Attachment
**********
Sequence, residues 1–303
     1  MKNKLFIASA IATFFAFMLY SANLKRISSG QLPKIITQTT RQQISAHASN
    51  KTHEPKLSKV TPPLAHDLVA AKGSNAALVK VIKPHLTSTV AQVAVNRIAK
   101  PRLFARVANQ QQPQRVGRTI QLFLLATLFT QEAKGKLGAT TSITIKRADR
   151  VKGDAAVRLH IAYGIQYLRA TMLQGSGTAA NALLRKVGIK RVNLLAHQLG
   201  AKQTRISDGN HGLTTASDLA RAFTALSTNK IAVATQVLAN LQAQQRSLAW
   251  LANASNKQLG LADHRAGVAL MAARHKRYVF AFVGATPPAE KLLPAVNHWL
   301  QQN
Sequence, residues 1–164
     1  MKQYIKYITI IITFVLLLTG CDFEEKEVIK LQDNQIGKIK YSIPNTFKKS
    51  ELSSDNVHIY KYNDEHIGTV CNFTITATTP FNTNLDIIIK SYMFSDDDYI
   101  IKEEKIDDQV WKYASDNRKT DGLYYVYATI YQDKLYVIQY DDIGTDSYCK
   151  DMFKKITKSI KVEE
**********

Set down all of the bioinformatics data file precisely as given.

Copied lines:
Sequence, residues 1–303
     1  MKNKLFIASA IATFFAFMLY SANLKRISSG QLPKIITQTT RQQISAHASN
    51  KTHEPKLSKV TPPLAHDLVA AKGSNAALVK VIKPHLTSTV AQVAVNRIAK
   101  PRLFARVANQ QQPQRVGRTI QLFLLATLFT QEAKGKLGAT TSITIKRADR
   151  VKGDAAVRLH IAYGIQYLRA TMLQGSGTAA NALLRKVGIK RVNLLAHQLG
   201  AKQTRISDGN HGLTTASDLA RAFTALSTNK IAVATQVLAN LQAQQRSLAW
   251  LANASNKQLG LADHRAGVAL MAARHKRYVF AFVGATPPAE KLLPAVNHWL
   301  QQN
Sequence, residues 1–164
     1  MKQYIKYITI IITFVLLLTG CDFEEKEVIK LQDNQIGKIK YSIPNTFKKS
    51  ELSSDNVHIY KYNDEHIGTV CNFTITATTP FNTNLDIIIK SYMFSDDDYI
   101  IKEEKIDDQV WKYASDNRKT DGLYYVYATI YQDKLYVIQY DDIGTDSYCK
   151  DMFKKITKSI KVEE